Chemical modifications of RNA have been attracting increasing interest because of their impact on RNA fate and function. Therefore, the characterization of enzymes catalyzing such modifications is of great importance. The RNA cytosine methyltransferase NSUN3 was recently shown to generate 5-methylcytosine in the anticodon loop of mitochondrial tRNAMet. Further oxidation of this position is required for normal mitochondrial translation and function in human somatic cells. Because embryonic stem cells (ESCs) are less dependent on oxidative phosphorylation than somatic cells, we examined the effects of catalytic inactivation of Nsun3 on self-renewal and differentiation potential of murine ESCs. We demonstrate that Nsun3-mutant cells show strongly reduced mt-tRNAMet methylation and formylation as well as reduced mitochondrial translation and respiration. Despite the lower dependence of ESCs on mitochondrial activity, proliferation of mutant cells was reduced, while pluripotency marker gene expression was not affected. By contrast, ESC differentiation was skewed towards the meso- and endoderm lineages at the expense of neuroectoderm. Wnt3 was overexpressed in early differentiating mutant embryoid bodies and in ESCs, suggesting that impaired mitochondrial function disturbs normal differentiation programs by interfering with cellular signalling pathways. Interestingly, basal levels of reactive oxygen species (ROS) were not altered in ESCs, but Nsun3 inactivation attenuated induction of mitochondrial ROS upon stress, which may affect gene expression programs upon differentiation. Our findings not only characterize Nsun3 as an important regulator of stem cell fate but also provide a model system to study the still incompletely understood interplay of mitochondrial function with stem cell pluripotency and differentiation.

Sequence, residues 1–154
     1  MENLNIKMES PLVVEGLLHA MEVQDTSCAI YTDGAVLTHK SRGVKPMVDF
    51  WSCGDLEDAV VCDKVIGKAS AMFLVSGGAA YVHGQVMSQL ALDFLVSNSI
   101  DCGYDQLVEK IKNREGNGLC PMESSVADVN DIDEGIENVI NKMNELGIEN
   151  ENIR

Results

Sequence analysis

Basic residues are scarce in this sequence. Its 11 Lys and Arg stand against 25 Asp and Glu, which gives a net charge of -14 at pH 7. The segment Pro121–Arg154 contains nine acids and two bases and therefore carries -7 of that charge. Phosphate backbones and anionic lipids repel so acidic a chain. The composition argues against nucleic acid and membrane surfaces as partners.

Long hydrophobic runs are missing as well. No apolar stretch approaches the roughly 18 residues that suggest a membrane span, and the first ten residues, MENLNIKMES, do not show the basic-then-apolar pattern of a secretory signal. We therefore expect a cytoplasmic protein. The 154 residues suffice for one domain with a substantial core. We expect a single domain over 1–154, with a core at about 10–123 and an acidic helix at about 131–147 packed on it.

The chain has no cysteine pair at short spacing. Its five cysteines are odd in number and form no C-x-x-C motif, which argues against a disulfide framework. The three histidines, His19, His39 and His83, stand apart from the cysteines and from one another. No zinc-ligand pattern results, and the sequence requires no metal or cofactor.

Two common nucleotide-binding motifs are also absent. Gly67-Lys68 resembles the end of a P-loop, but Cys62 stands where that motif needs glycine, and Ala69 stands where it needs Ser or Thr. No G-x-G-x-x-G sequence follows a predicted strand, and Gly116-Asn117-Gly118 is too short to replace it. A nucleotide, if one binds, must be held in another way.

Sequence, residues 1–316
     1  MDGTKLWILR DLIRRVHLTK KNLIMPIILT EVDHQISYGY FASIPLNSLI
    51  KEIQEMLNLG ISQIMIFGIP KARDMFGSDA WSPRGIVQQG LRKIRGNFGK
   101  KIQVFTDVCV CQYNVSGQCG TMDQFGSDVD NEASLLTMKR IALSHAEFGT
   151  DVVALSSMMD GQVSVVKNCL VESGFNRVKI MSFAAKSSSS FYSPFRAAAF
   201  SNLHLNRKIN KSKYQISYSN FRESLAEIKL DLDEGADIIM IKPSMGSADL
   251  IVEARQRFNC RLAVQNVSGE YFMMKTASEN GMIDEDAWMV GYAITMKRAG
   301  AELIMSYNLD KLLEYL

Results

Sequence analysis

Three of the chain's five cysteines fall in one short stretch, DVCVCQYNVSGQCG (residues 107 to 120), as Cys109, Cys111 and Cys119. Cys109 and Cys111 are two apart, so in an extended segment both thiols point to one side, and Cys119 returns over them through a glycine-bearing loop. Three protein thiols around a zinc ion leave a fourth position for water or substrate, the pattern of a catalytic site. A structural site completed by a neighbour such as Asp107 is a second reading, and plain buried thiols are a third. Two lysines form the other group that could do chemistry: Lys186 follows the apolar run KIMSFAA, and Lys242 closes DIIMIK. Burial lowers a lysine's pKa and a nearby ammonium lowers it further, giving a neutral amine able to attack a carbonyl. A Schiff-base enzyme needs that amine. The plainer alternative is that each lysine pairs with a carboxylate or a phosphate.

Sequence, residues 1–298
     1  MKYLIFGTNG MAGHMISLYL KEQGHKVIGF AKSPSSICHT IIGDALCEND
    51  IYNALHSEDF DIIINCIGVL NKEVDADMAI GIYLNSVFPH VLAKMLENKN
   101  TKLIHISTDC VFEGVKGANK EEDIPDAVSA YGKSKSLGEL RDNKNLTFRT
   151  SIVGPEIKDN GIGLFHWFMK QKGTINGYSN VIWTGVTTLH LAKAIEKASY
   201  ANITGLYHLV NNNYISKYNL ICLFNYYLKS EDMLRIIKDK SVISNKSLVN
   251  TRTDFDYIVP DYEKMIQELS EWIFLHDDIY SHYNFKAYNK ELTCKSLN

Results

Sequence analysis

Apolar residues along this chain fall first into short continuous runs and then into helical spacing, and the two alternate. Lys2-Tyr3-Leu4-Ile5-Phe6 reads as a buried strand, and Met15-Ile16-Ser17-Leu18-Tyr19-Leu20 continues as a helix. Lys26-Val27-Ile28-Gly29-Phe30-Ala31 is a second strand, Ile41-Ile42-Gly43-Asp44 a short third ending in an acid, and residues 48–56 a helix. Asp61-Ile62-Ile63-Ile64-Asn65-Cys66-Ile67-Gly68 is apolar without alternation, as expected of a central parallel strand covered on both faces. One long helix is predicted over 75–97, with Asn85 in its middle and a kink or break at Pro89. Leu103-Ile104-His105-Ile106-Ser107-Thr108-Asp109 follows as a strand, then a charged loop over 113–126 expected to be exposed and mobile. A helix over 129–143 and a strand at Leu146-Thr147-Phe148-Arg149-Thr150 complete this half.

Cellular and Molecular Life Sciences – Springer Journals
Published: Nov 4, 2017
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